Some lefties do all right

A breed apart, they use it to their advantage in sports


As a left-handed quarterback of distinction, Michael Vick, whose Atlanta Falcons face the Ravens on Sunday, is hardly heir to a long legacy.

Ken Stabler led the Oakland Raiders to a Super Bowl title in January 1977. Steve Young did the same for the San Francisco 49ers in 1995 and is the only southpaw quarterback in the Pro Football Hall of Fame. Boomer Esiason came close to a Super Bowl win for the Cincinnati Bengals. But that's it.

Maybe the paucity isn't shocking considering that lefties make up about 11 percent of the U.S. population.

Apparently, if you want to become a conqueror, it's good to be left-handed. Alexander the Great, Julius Caesar and Napoleon were. But in most other fields, it's not a big advantage.

Lefties have been stigmatized throughout history. The word sinister is derived from sinistra, the Latin word for left. Some scientists argue that being left-handed is the result of trauma at birth. Studies have shown that left-handers are more likely to be alcoholic and schizophrenic and die younger. Communists came from the extreme political left. Even dear old Ned Flanders was subject to scorn when he opened a store for left-handers on The Simpsons.

At least in sport, lefties can wipe away this cultural bias. In baseball and tennis, left-handers rule. In football, basketball and golf, not as much.

It's especially noticeable in baseball. Lefty sluggers and southpaw aces are the major league equivalent of beluga caviar. Check out the greatest hitters. From Babe Ruth to Ted Williams to Barry Bonds, the majority swung from the left side.

Actually, baseball offers a fascinating cost-benefit profile for lefties. On the one hand, fewer jobs are available to them, because they can only play five of the nine positions on the diamond. They don't play catcher, second base, shortstop and third base because they'd have to field the ball, turn and then throw, making even an easy play difficult. On the other hand, they're often better qualified to do the five remaining jobs.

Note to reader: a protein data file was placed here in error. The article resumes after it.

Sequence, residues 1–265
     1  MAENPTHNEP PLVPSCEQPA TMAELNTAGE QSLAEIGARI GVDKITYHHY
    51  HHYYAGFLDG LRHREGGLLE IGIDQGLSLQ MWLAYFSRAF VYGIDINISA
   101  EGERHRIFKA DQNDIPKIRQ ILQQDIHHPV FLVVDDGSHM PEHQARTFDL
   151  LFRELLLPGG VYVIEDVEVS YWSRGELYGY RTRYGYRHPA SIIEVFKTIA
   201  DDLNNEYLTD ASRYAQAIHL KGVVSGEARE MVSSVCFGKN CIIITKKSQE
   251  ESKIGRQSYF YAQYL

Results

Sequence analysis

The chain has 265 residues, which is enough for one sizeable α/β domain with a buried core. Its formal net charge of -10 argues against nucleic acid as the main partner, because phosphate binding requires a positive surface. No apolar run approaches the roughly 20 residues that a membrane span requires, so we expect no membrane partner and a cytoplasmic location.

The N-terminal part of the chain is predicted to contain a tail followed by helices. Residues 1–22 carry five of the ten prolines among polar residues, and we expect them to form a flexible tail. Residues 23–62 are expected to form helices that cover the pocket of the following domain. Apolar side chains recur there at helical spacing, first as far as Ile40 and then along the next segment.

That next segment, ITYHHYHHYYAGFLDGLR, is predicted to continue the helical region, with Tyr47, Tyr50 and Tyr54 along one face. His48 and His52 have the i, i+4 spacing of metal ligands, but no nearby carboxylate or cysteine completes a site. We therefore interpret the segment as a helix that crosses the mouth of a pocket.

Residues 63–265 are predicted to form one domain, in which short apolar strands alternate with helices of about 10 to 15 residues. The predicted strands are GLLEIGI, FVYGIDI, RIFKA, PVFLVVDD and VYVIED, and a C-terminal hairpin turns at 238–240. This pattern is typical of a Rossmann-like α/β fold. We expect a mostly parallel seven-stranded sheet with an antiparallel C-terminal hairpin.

"Left-handers get their revenge as batters," wrote George Will in his book Men at Work. "At the plate, they stand a step closer to first and the momentum of their swing causes them to uncoil moving toward first. As a result, the average left-hander among today's major leaguers gets there a second faster than the average right-hander. ... Another advantage for today's left-handed hitter is that he faces right-handed pitching about two-thirds of the time, so most of the breaking pitches he sees move in toward his power."

Baseball historian Bill James published one of the first comprehensive studies of the platoon advantage in 1988 and found that the century-old supposition that righties hit better against lefties and vice versa was spot on. But James' research showed something else. Righties hit a tremendous .281 against left-handed pitching. But lefties hit an even more spectacular .292 against right-handed pitching. That suggested that even an average lefty facing a right-hander was substantially better than most right-handers in the same spot.

Because left-handed hitters abuse righties so, the left-handed pitchers who torment them are all the more valuable.

Steve Carlton, Whitey Ford, Lefty Grove, Carl Hubbell, Randy Johnson, Sandy Koufax and Warren Spahn are just the cream of a deep crop of great southpaw pitchers. Beyond these superstars lie a whole other class of pitchers who couldn't break an egg with their fastballs but hang around forever because they throw strikes and are left-handed.

Tommy John, who won 164 games throwing junk after his elbow was reconstructed, might be the patriarch. But current work-horses Jamie Moyer and Kenny Rogers are right there. Former Oriole Jesse Orosco lasted until he was 46 years old, because he could always come in at a moment's notice and torment any left-handed hitter.

Serving up tennis aces

Just as the physics of baseball seem to favor lefties, the dimensions of a tennis court aid them as well. Rod Laver, Jimmy Connors, John McEnroe and Martina Navratilova are a few of the southpaw all-timers.

McEnroe worked behind a serve that he could send slicing off the court. This forced opponents to stretch far to their weaker backhand sides. McEnroe then picked off their weak returns with an unmatched array of volleys.

Many tennis lovers still regard him as the most artful player ever.

Southpaws also hold a time-honored place in boxing, but not necessarily as greats of the sport. Instead, they represent an awkward crucible on which "orthodox" fighters test themselves. The most famous boxing southpaw isn't even a real fighter. His name is Rocky and he'll be the focus of a sixth movie next month. But just because he was champ, don't think Mr. Balboa avoided those hang-ups about lefties.

"Left-handed fighters they're the worst," his trainer, Mick, told him in Rocky II. "They try to come in there with that big left. Right's no damn good. They ought to outlaw southpaws!"

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